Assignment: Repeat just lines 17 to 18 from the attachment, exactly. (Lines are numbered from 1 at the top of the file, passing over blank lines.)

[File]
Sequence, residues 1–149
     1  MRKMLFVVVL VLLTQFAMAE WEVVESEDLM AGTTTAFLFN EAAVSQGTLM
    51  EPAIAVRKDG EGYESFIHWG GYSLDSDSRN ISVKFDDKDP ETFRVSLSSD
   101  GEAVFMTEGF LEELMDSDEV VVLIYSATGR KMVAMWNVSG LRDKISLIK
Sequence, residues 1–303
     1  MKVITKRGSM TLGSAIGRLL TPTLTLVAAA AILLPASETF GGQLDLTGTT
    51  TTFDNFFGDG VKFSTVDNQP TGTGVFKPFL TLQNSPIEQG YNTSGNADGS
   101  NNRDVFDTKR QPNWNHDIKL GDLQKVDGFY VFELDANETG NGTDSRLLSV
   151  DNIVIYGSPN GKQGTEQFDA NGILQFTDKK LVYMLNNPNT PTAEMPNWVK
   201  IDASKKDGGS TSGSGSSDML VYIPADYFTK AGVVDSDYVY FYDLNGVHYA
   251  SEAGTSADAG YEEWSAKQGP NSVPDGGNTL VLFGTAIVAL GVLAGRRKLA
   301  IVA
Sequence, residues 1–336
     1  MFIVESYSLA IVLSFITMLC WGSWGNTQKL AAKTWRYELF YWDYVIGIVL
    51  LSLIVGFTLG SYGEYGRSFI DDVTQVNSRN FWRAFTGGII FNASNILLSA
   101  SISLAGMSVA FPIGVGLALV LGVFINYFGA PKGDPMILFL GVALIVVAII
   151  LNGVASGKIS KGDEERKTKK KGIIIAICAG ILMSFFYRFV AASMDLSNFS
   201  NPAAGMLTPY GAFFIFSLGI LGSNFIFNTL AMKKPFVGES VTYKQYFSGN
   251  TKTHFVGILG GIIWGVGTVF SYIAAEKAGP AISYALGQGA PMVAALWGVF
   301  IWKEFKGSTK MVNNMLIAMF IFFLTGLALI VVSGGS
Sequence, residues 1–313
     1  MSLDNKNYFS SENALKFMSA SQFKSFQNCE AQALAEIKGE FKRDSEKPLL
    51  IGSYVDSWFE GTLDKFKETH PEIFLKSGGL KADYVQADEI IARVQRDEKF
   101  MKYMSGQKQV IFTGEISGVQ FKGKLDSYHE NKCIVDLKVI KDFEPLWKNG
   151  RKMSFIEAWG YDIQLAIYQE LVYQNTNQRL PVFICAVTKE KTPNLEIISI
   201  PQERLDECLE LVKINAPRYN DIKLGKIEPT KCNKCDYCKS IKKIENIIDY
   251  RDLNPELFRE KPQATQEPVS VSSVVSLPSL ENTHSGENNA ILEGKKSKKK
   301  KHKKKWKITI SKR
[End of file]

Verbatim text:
   151  LNGVASGKIS KGDEERKTKK KGIIIAICAG ILMSFFYRFV AASMDLSNFS
   201  NPAAGMLTPY GAFFIFSLGI LGSNFIFNTL AMKKPFVGES VTYKQYFSGN